Uralkali, the company owned by GP3 racer Nikita Mazepin’s father, has questioned whether the Stroll-led consortium’s buy-out of Force India is in the best interests of the F1 team.
Force India entered administration late last month with driver Sergio Perez triggering the action in a bid to save the team.
Less than two weeks later it was announced that the team had been saved by a consortium led by billionaire Lawrence Stroll, the father of F1 driver Lance.
However, Uralkali, a Russian potash fertilizer producer and exporter owned by Dmitry Mazepin, has questioned whether the deal is in the “best interests of Force India creditors and stakeholders, and the sport in general.”
In a statement Uralkali said the company had “assembled a team of professionals (including lawyers, accountants, insolvency experts and a Formula 1 specialist) to prepare and submit a competitive bid for Force India, which was led by Uralkali’s independent director Paul J. Ostling.”
The aim of that was to “rescue Force India as a going concern and to acquire a controlling stake in Force India to safeguard Force India from insolvency; and to acquire the business and assets of Force India from the company in administration to enable the business to continue as a going concern in a new vehicle under new ownership.
“Both options proposed sufficient funding to satisfy claims of all creditors in full and included an undertaking to provide significant working capital and new investment program over a 5-year term to ensure success of Force India.
“Over the course of the bidding process and discussions with the Administrator, Uralkali insisted on a transparent and fair process to ensure equal opportunities for each bidder.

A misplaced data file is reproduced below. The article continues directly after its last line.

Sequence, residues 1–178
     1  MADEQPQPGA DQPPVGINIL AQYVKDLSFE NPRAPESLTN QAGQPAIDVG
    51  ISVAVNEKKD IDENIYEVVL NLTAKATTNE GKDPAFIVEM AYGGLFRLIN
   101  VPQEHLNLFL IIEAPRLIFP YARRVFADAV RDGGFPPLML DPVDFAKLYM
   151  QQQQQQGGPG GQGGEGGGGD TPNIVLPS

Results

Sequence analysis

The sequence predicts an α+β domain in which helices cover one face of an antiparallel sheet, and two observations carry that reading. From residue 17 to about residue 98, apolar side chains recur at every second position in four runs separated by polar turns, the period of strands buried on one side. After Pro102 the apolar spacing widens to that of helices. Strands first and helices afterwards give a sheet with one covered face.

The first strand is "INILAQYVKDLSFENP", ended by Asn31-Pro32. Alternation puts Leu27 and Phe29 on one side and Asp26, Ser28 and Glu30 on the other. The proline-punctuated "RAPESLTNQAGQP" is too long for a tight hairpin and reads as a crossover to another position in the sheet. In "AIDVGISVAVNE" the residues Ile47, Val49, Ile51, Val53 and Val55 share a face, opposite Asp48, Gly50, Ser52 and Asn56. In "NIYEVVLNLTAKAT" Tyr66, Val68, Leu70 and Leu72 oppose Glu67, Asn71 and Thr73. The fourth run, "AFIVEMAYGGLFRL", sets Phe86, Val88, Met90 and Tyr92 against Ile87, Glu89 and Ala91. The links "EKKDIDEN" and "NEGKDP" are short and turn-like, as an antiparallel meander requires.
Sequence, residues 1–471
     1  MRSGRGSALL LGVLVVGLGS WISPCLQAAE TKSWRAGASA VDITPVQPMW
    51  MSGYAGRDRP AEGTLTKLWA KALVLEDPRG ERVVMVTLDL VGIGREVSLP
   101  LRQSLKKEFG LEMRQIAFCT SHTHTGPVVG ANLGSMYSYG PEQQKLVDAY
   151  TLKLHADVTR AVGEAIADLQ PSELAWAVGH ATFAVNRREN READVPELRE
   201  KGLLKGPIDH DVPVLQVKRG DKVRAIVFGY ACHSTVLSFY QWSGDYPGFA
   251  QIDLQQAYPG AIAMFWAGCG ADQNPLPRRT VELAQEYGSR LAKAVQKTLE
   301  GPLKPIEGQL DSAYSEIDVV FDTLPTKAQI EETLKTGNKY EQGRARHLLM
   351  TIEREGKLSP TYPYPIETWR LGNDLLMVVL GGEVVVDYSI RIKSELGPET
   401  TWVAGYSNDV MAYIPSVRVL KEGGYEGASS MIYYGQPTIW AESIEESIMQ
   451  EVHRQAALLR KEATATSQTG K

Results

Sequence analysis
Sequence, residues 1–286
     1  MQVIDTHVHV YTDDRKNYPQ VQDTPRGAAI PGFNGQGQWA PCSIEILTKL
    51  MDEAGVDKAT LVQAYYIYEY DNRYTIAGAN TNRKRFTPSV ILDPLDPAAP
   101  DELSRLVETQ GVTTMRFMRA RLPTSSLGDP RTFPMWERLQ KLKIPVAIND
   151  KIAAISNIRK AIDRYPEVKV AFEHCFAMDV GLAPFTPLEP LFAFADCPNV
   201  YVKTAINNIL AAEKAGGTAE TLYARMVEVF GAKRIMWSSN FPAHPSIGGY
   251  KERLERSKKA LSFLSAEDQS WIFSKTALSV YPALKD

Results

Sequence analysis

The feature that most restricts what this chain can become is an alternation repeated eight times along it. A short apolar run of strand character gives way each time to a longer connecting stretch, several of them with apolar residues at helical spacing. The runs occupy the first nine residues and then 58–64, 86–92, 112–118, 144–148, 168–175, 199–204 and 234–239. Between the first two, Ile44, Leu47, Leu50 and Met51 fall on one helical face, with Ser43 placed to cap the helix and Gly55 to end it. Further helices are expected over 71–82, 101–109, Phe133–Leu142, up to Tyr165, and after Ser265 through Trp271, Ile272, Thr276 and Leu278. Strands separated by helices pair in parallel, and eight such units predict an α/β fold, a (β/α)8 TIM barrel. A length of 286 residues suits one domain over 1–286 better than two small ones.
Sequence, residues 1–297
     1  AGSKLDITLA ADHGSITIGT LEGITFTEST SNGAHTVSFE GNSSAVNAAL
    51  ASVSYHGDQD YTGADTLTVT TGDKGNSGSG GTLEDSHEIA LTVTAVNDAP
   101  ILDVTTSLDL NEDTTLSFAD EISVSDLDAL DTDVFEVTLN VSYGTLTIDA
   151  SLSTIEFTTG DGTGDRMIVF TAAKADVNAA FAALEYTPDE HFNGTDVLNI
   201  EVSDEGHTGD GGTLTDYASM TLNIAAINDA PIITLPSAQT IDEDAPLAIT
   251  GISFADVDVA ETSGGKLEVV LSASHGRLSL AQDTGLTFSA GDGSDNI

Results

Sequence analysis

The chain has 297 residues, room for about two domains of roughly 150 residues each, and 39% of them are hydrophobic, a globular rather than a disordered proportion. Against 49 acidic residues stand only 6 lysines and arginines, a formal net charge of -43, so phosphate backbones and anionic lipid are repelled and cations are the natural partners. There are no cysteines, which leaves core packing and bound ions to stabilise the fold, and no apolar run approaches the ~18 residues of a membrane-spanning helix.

“In particular, Uralkali proposed that the bidding process be conducted by way of the submission in sealed envelopes of best and final bids to be opened in the presence of appointed representatives of the interested bidders. However, this proposal was rejected by the Administrators.”
Uralkali went on to say that the timeline set out by the administrators was not achieveable as they were required to obtain consents from 13 Indian banks and obtain approval from a UK court for an amendment to the freezing injunction.
“Uralkali submitted a restated proposal on August 6, 2018 which, due to the above reasons, no longer offered a rescue option but set out a very attractive proposal to purchase business and assets of Force India on a going concern basis.”
However, “following the submission of our proposal, the administrator refused to engage with Uralkali team, did not reply to phone calls and emails and communicated with Uralkali in a single email following close of business on August 7, 2018 that it had entered into an exclusivity arrangement with another bidder regarding a proposal to rescue the company.
“Despite expiration of the deadline set by the Administrator, no rescue plan was submitted to the court for approval, which confirmed Uralkali’s view that the rescue option was not achievable in the timeline and under conditions proposed by the Administrator. Under these circumstances, it is surprising that no attempt was made by the Administrator to engage with Uralkali with respects to its bid for the assets and business of Force India.”
Joint administrators Geoff Rowley and Jason Baker from FRP Advisory LLP responded to Uralkali’s statement, saying “all bidders were given equal opportunity to submit the best deal.
“Throughout, we (the Joint Administrators) have closely followed our statutory duties and objectives as administrators and had the advice of experienced legal counsel.”